A French economist and author argues that an economic crisis is facing media worldwide and the solution is a new from of nonprofit foundation.
She said the growth of the Internet has created an oversupply of advertising that makes it impossible for all but the largest companies — Google, Facebook and a handful of others– to be successful. “With the Internet you have an infinite supply of advertising space,” she explained, causing advertising revenue to fall.
The result has been increasingly smaller news staffs and lower quality publications.
There is no information without journalists,” she said. “You cannot do the same job as a journalist in a much smaller newsroom.”
Alternatives to advertising-supported media include direct public support, which is common in Europe, or signature investments by wealthy owners, such as Amazon Founder Jeff Bezos’ purchase of the The Washington Post. But both come with potentially problematic control over the news agenda, she argued.
Her solution is a new form of nonprofit foundation that can benefit from charitable contributions but also purse commercial activities and re-invest profits.
A number of U.S. publications are already organized as nonprofits, including the venerable Tampa Bay Times in Florida, the new Texas Tribune and Voice of San Diego, but Cagé’s proposal is for a change in tax rules to give such organizations more flexibility while also decentralizing control.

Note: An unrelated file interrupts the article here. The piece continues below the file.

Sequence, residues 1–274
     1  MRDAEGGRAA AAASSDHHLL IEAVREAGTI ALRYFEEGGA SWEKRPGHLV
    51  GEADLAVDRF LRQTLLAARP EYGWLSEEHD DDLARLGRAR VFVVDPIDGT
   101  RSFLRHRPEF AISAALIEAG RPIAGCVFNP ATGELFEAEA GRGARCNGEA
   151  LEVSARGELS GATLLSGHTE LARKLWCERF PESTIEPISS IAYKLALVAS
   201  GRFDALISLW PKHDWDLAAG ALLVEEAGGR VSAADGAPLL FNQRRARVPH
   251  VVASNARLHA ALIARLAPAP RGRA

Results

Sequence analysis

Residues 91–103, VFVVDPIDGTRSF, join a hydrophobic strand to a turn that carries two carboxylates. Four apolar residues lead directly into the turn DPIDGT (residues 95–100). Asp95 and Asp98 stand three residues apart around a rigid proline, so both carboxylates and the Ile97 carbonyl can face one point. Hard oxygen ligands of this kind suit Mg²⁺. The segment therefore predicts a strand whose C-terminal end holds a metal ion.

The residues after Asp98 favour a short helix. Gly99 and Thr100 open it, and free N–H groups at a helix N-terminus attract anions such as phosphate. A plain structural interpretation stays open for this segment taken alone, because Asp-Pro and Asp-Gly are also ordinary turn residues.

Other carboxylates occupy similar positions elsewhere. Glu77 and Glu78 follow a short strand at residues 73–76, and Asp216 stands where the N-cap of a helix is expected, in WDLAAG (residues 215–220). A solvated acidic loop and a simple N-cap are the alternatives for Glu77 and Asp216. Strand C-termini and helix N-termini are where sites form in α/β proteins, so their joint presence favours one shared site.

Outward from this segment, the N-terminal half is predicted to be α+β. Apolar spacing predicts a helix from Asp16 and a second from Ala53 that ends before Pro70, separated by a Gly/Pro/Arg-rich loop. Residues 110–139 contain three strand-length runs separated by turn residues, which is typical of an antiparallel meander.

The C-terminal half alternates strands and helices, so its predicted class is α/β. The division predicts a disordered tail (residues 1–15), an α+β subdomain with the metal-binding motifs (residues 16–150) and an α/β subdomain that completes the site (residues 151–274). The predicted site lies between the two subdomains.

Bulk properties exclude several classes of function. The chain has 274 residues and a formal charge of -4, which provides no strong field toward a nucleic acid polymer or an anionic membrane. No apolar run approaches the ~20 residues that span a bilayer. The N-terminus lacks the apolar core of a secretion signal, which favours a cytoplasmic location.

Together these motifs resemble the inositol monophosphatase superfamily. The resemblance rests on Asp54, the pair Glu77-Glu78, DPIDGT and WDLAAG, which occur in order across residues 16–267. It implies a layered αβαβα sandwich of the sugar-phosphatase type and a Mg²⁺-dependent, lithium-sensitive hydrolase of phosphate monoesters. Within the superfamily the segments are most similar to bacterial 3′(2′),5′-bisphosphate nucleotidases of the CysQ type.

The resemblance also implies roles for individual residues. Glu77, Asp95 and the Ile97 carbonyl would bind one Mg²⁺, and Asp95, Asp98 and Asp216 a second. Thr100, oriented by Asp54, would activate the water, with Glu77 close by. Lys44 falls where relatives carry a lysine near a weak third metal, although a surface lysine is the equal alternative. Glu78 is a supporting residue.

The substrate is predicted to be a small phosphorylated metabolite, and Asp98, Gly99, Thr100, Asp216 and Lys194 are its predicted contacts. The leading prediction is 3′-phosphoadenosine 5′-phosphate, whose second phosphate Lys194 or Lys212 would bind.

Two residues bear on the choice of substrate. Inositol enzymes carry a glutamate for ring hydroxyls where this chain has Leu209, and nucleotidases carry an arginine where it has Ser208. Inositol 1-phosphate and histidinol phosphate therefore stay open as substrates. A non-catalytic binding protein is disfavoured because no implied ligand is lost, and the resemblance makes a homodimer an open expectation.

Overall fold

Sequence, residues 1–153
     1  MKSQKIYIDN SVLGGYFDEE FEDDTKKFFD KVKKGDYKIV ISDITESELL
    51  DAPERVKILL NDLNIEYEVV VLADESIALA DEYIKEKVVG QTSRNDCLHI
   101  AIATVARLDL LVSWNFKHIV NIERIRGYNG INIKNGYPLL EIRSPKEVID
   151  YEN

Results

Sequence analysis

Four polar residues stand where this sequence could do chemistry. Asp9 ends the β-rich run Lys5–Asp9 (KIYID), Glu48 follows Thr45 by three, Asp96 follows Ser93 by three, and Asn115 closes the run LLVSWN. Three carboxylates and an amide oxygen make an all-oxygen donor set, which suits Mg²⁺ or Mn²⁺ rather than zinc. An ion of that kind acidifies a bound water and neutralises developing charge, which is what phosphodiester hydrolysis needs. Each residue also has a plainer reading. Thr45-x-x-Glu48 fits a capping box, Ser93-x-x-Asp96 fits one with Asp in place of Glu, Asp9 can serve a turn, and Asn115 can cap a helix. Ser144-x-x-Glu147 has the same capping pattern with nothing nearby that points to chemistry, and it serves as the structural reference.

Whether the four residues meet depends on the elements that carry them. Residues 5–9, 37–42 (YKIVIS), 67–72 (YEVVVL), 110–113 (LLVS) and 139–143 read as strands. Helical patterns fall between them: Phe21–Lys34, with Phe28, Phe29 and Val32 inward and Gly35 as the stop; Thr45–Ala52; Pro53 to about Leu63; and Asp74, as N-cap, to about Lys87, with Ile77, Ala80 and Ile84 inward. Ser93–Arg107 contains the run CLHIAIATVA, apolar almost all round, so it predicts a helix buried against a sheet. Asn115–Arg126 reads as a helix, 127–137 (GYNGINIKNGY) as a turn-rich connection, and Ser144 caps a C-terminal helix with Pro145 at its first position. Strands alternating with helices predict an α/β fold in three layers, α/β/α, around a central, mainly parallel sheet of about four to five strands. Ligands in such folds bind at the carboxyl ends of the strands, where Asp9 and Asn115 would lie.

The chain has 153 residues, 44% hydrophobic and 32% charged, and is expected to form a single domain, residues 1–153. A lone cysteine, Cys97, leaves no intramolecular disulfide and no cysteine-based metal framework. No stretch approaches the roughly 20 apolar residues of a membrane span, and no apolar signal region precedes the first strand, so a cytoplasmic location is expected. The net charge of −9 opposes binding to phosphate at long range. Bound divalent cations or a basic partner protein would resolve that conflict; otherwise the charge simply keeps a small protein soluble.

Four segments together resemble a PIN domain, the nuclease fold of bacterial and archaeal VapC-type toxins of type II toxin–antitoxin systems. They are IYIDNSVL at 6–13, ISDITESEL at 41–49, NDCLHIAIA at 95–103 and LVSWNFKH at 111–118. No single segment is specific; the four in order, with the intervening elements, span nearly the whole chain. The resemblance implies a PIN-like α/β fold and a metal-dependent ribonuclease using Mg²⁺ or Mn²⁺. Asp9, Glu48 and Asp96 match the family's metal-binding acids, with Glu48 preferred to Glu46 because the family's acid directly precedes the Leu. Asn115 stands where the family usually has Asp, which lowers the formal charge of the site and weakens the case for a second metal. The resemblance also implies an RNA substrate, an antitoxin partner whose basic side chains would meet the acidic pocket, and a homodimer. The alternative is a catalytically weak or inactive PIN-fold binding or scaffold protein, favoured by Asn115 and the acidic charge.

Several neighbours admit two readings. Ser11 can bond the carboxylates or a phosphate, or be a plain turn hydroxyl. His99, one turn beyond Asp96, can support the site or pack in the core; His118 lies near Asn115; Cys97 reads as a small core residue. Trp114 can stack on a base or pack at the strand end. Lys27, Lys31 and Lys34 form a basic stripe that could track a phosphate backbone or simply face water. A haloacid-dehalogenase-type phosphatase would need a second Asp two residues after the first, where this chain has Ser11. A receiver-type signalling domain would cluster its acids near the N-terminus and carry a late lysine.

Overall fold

Cagé, a professor of economics at Sciences Po Paris who earned her Ph.D at Harvard University, provided detailed statistics showing the decline of traditional media throughout the world’s developed countries.
Her data shows that the number of journalists at U.S. daily newspapers peaked at around 55,000 between 1990 and 2000, but has since declined by 20,000.
She said this is a challenge for society in general because life is getting more complex, yet there are fewer journalists to explain what is going on to general audiences.
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